WEEK 7: Forgiveness
“Then Peter came to Jesus and asked, ‘Lord, how many times shall I forgive my brother or sister who sins against me? Up to seven times?’ Jesus answered, ‘I tell you, not seven times, but seventy-seven times. Therefore, the kingdom of heaven is like a king who wanted to settle accounts with his servants. As he began the settlement, a man who owed him ten thousand bags of gold was brought to him. Since he was not able to pay, the master ordered that he and his wife and his children and all that he had be sold to repay the debt. At this the servant fell on his knees before him. ‘Be patient with me,’ he begged, ‘and I will pay back everything.’ The servant’s master took pity on him, canceled the debt and let him go. But when that servant went out, he found one of his fellow servants who owed him a hundred silver coins. He grabbed him and began to choke him. ‘Pay back what you owe me!’ he demanded. His fellow servant fell to his knees and begged him, ‘Be patient with me, and I will pay it back.’ But he refused. Instead, he went off and had the man thrown into prison until he could pay the debt. When the other servants saw what had happened, they were outraged and went and told their master everything that had happened. Then the master called the servant in. ‘You wicked servant,’ he said, ‘I canceled all that debt of yours because you begged me to. Shouldn’t you have had mercy on your fellow servant just as I had on you?’ In anger his master handed him over to the jailers to be tortured, until he should pay back all he owed. This is how My heavenly Father will treat each of you unless you forgive your brother or sister from your heart.’” (Matthew 18:21-35, NIV)
In this parable, Jesus clearly illustrates the importance of forgiveness and the penalty of unforgiveness.
Peter must have felt pretty smart and spiritual by asking Jesus if he should forgive a person seven times, especially since the Old Testament Law states that a person should be paid back what he is owed (“But if there is serious injury, you are to take life for life, eye for eye, tooth for tooth, hand for hand, foot for foot, burn for burn, wound for wound, bruise for bruise…” Exodus 21:23-25).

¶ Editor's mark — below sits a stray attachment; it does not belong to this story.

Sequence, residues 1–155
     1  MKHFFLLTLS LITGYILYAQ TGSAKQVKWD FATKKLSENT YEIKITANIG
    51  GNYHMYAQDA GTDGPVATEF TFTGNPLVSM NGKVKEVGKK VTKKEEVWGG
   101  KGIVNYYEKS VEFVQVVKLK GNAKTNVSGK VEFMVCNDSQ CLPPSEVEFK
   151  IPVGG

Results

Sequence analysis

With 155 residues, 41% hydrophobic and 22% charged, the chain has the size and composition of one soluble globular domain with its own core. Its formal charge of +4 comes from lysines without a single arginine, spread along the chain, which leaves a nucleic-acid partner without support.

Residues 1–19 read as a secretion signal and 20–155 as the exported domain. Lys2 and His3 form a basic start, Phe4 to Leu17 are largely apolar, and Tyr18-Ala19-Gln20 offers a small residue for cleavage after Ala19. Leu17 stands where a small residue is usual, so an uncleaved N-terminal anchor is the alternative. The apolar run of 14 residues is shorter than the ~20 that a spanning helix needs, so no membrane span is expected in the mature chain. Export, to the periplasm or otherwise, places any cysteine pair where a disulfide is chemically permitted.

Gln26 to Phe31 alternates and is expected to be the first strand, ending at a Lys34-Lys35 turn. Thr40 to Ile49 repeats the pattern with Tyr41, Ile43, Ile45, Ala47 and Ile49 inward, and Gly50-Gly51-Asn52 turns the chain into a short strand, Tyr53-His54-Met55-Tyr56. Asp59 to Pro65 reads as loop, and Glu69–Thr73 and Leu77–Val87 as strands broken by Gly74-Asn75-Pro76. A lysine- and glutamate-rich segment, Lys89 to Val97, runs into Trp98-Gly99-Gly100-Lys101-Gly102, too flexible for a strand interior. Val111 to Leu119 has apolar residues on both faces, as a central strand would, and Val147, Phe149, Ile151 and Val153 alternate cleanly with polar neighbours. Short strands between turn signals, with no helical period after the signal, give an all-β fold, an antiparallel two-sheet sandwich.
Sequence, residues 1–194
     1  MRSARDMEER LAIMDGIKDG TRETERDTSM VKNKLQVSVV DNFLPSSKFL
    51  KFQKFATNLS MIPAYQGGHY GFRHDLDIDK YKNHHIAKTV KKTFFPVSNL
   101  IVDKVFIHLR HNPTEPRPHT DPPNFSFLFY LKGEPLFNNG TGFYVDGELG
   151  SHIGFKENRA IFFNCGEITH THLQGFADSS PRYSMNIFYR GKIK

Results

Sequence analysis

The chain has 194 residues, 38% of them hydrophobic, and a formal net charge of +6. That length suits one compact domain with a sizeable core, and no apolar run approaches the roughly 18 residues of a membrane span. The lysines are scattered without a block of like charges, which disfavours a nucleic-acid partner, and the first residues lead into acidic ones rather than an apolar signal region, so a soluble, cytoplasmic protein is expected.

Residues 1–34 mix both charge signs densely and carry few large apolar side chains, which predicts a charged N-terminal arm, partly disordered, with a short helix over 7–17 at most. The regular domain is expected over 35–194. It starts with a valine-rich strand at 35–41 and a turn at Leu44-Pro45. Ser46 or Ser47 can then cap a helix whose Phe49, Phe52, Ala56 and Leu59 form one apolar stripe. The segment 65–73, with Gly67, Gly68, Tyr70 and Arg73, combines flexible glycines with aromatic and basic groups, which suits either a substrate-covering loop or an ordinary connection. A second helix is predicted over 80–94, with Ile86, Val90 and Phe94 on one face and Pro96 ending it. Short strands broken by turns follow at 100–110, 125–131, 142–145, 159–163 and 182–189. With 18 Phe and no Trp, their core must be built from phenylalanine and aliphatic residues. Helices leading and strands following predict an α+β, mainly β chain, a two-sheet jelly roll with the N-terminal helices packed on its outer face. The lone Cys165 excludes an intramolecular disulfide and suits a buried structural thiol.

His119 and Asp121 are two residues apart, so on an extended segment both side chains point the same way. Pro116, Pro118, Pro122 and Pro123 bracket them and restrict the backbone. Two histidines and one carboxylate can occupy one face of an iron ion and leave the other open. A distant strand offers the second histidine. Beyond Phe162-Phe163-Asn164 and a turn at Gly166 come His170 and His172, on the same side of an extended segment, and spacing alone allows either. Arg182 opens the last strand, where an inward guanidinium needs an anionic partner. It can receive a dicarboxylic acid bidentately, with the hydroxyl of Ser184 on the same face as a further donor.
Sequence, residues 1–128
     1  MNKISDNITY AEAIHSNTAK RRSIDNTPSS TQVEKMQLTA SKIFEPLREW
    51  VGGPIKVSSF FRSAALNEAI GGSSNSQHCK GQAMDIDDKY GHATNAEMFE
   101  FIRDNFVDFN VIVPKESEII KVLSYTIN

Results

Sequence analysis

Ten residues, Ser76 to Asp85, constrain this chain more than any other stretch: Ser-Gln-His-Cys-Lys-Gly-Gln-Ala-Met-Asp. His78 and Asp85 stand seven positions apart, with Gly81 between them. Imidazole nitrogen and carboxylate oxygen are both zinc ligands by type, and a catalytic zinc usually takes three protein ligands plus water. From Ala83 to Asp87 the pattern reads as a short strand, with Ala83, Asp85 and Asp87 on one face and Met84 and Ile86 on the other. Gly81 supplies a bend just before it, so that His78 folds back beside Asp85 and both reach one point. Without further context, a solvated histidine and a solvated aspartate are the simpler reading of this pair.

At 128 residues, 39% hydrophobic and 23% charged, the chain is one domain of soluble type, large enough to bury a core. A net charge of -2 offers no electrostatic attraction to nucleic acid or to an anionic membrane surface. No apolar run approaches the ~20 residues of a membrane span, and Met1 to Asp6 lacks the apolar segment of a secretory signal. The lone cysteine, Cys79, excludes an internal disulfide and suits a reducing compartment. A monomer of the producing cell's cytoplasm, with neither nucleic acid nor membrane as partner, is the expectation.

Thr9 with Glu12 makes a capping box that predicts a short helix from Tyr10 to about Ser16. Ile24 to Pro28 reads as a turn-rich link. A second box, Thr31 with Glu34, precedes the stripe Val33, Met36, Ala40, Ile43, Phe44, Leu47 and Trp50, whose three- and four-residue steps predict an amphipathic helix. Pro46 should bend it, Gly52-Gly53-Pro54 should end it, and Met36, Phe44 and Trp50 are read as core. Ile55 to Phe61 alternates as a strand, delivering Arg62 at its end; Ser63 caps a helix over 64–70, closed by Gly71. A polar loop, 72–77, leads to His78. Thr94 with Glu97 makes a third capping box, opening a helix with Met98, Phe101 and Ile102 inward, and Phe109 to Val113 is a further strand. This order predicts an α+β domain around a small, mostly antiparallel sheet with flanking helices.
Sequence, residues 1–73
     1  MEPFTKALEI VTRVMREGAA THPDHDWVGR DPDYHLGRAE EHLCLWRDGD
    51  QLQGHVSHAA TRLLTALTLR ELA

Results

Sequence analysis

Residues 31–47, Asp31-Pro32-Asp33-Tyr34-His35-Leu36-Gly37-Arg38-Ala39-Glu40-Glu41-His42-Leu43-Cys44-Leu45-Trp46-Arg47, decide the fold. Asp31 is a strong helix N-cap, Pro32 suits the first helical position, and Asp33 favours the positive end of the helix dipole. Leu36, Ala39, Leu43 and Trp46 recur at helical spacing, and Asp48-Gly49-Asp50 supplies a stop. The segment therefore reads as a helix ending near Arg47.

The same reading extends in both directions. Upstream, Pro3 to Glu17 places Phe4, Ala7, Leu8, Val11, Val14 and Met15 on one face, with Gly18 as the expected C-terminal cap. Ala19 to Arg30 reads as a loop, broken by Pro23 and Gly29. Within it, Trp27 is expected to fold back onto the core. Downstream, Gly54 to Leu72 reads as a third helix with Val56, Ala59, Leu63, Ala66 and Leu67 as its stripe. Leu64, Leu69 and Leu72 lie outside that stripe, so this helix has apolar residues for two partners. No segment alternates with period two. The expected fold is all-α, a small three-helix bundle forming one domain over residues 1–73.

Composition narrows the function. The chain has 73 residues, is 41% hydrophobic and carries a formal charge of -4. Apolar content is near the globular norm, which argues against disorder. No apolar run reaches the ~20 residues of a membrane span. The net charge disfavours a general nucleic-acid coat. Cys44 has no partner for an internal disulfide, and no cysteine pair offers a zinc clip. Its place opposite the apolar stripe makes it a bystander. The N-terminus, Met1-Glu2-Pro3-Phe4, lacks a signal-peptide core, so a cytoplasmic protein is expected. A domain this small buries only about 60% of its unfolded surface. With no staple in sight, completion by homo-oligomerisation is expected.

Instead, Jesus replies by saying that Peter should be willing to forgive not only seven times, but 77 times. Jesus is essentially saying that we ought to forgive those who tresspass against us an unlimited number of times… not just when it suits us, and not just when we feel like it.
To make matters worse, Jesus says that those who do not forgive will be tortured (“In anger his master handed him over to the jailers to be tortured, until he should pay back all he owed” – v.34). When we refuse to forgive others, God refuses to forgive us (Matthew 6:14-15). Could it be that you are being ‘tortured’ in some way by anger, anxiety, fear, depression, sleeplessness and sadness because you refuse to forgive? (Ask the Lord to speak to you about this.)
The challenge for us is to forgive people as a choice, not because of a feeling. I am convinced that Jesus didn’t feel like forgiving the Pharisees and Roman soldiers when they nailed Him to that cross, spat on Him and mocked Him – He chose to forgive them because He loved them.
Prayer: Everlasting Father and Gracious God, help me to forgive my father, mother, brother, sister, friend, aunt, uncle or enemy by the power of your Holy Spirit. Help me to let go of the debt that is owed to me. Help me to forgive my neighbour for the wrong that was done to me. Help me to trust that You will deal with them as You see fit. Set me free from the torture that I have been experiencing because of my unforgiveness. In Jesus’ name, Amen.